Balbirnie announced his resignation as his team’s ODI and T20I captain on Tuesday, July 4, in the wake of the ICC Men’s Cricket World Cup 2023 Qualifiers fiasco.
After assuming the position in 2019, Andrew Balbirnie guided the Ireland National Cricket Team through 89 games across all formats. Ireland did not fare well in the ICC Men’s Cricket World Cup 2023 Qualifiers under his direction.
Ireland lost three of their four group-stage matches, which resulted in their elimination from contention for the 2023 World Cup in India.
They defeated Nepal and the USA to take seventh place on the points table after being eliminated.
Cricket Ireland had named Paul Stirling the team’s acting captain following Andrew Balbirnie’s resignation from the position.
Now, though, he has been handed the captaincy permanently in both ODIs and T20Is as the selectors focus on the upcoming four-year cycle that includes three World Cups.
Paul Stirling expressed his desire to guide Ireland to success over the next four years in an official statement released by Cricket Ireland. He stated that he doesn’t take the position of leader for granted. He clarified:
“Playing for Ireland has always been a source of pride for me and to be confirmed as the permanent white-ball captain is a recognition I don’t take for granted.
I have very much enjoyed working with Heinrich [Malan] and the coaching staff over the last few months as interim skipper, but we all know that we have potentially three world cup campaigns over the next four years and the work starts now.
“I said recently that ODI cricket was my favourite format, and to watch on as the 50-over World Cup has been underway is actually been a great motivator for me to ensure we are there at the next event in 2027.
I know this desire is a common feeling throughout the squad, and so we’ll look to harness this drive into the next series scheduled for December.
“We also recognise that there is only eight months now to the next T20 World Cup, so the clock has well-and-truly started on our preparations.”
The chief selector of Cricket Ireland, Andrew White, said that they are happy that the veteran batter Paul Stirling has accepted the leadership role in white-ball cricket. He elaborated:
“We’re delighted that Stirlo [Paul Stirling] has accepted the role and – despite working closely with him in an interim capacity over the last few months – it feels as though we are now at the start of a new cycle with a lot of cricket coming our way over the next four years.
“The splitting of the white-ball and red-ball captaincy is an important piece for us, as the responsibilities both on-field and off-field as a captain are immense. We believe Andrew Balbirnie has much to give in red-ball leadership and want him to continue on in that capacity, while Paul will focus on the ODI and T20 disciplines.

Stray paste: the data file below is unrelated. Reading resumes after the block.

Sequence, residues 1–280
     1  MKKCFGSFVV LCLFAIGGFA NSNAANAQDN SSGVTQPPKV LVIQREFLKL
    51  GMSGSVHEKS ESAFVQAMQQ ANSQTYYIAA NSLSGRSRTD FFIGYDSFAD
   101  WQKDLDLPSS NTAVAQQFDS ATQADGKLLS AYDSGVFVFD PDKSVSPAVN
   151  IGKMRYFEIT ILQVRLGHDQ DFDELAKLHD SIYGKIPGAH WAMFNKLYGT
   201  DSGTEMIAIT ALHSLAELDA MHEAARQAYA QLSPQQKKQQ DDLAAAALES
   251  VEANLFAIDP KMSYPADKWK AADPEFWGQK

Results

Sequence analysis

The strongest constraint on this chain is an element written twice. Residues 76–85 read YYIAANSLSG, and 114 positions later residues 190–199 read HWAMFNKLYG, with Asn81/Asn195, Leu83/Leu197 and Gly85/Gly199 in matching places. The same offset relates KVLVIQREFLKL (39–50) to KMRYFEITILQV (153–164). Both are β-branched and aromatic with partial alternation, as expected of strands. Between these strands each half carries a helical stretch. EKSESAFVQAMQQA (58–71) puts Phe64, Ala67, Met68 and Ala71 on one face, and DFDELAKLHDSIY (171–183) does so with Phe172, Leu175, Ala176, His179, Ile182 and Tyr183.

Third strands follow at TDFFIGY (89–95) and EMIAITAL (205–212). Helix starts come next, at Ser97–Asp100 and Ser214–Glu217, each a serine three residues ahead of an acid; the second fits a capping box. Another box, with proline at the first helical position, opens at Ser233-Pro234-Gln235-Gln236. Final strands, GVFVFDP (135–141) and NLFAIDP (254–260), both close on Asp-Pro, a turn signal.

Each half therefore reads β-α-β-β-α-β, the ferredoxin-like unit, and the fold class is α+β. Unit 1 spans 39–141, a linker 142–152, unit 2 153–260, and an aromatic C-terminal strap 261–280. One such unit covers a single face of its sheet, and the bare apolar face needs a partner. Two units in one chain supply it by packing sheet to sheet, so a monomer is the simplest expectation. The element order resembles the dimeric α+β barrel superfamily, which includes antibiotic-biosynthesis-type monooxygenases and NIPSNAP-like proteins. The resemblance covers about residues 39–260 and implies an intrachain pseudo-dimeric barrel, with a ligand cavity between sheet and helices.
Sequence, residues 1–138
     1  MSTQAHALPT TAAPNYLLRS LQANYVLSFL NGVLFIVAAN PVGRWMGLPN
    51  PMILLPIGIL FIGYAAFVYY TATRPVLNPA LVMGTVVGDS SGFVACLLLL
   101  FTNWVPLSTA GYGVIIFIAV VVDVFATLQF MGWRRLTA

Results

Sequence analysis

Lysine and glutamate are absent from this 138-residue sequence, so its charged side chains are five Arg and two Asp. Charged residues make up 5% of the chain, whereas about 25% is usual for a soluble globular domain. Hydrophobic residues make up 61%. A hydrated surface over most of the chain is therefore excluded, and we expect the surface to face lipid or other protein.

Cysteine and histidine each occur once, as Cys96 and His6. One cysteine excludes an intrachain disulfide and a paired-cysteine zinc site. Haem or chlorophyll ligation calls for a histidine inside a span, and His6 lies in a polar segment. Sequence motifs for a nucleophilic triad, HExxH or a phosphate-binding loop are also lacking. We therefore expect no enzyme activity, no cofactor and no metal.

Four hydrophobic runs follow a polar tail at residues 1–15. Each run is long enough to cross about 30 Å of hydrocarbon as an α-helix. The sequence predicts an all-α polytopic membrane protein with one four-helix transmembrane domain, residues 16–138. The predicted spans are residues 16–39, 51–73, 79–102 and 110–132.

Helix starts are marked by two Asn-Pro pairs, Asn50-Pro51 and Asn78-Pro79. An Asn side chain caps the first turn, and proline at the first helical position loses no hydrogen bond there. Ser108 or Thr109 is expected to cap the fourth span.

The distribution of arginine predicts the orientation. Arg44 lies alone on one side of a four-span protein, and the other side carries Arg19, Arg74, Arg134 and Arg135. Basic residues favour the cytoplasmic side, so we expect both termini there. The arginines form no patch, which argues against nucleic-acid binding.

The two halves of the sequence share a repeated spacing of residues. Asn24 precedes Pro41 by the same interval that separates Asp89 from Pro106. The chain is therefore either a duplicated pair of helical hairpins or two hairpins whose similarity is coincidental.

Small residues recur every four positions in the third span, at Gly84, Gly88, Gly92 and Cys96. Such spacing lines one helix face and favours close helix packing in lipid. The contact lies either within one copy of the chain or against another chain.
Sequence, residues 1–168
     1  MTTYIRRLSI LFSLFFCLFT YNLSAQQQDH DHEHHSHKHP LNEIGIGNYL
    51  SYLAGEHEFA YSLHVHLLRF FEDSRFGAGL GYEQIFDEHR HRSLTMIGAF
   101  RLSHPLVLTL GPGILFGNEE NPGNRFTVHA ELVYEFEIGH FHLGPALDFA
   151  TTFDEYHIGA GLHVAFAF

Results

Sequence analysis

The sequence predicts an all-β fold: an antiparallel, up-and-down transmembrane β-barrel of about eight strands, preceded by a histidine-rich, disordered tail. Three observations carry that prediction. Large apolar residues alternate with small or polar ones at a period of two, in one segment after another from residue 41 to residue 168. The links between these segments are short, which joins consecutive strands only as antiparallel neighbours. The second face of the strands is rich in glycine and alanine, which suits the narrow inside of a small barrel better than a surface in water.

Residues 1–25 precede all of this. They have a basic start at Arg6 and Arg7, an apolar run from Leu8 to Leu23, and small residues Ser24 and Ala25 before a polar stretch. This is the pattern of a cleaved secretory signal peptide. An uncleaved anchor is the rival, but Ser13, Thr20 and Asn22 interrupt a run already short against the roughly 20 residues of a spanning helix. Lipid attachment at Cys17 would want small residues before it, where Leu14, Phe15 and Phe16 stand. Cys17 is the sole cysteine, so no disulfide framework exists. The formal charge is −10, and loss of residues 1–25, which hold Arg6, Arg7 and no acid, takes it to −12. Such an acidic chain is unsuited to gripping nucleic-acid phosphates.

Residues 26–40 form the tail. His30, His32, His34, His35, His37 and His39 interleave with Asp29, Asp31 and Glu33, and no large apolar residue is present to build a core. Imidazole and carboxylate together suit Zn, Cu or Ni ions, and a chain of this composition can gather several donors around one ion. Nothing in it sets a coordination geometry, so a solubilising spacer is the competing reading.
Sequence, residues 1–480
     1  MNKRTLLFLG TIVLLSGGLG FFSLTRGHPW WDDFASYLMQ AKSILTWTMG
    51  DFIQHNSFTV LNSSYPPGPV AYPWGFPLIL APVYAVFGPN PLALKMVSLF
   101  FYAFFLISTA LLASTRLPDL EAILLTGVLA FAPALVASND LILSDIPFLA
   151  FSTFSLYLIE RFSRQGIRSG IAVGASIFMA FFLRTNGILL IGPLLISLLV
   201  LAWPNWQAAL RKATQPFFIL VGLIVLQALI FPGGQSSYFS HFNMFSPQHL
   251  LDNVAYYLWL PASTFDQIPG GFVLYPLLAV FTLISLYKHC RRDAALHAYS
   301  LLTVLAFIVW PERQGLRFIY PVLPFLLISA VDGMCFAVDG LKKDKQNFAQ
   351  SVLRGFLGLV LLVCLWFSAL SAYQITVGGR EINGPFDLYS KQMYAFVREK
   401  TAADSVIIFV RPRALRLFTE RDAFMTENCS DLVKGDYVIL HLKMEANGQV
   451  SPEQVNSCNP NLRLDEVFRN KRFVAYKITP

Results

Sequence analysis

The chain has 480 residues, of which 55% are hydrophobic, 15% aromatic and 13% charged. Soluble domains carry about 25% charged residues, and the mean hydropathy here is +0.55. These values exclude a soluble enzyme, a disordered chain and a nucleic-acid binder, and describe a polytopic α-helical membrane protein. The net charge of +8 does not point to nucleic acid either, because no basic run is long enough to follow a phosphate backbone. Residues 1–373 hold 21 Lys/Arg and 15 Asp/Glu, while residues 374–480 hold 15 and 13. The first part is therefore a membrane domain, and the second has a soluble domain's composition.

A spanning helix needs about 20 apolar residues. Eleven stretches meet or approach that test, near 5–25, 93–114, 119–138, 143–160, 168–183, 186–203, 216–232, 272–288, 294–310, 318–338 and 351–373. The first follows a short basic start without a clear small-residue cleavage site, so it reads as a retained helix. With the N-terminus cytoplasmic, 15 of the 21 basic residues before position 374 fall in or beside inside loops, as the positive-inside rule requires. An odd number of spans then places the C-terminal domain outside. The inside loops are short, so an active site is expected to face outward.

“This captaincy delineation has no bearing on either player’s participation in any of the three formats, and we would expect both Paul and Andrew to be in consideration in all three formats into the foreseeable future.
“To have Paul and Andrew, with 600 caps of experience between them, as our white and red ball captains respectively means we have a vast reservoir of cricket knowledge that can benefit the wider squad.
I am pleased that we have now settled the captaincy matter and I know the planning between the coaching and senior leadership group has already begun. We have an exciting four-year period coming up and I look forward to working closely with Paul and Andrew as we take this squad forward.”
Also, the head coach of the side, Heinrich Malan, praised Paul Stirling for his services over the years and said that the batter still has a lot to contribute to Cricket Ireland. He elaborated (as quoted by Cricket Ireland):
“The last few months of dealing so closely with Paul has confirmed that we have an asset of vast experience and knowledge within the playing group – experience and knowledge he has gained from his time with Ireland, in franchise cricket and formerly within county cricket.
“While fans may appreciate Paul’s talent on the field, his leadership skills and ability to communicate within the squad is a much under-estimated attribute.
He lives and breathes cricket and has a passion for Irish cricket that is plain for everyone to see. It’s incredible to think Paul has been playing international cricket for 15 years and still has more good years ahead to lead this team and help improve Irish cricket.
“We know the challenges we have in Irish cricket, but we are very much a coaching and leadership unit that looks for solutions rather than finding excuses. Paul exemplifies this – he is an outright optimist and I know is driven to succeed.
It is indeed welcoming to settle the leadership question, and we are very much looking forward to taking Irish cricket forward over coming years.”
Remarkably, Andrew Balbirnie, who resigned as Ireland’s white-ball captain, will remain the team’s Test captain. Speaking of Paul Stirling, he is the second most capped player in Ireland history behind Kevin O’Brien with 22 caps in all formats.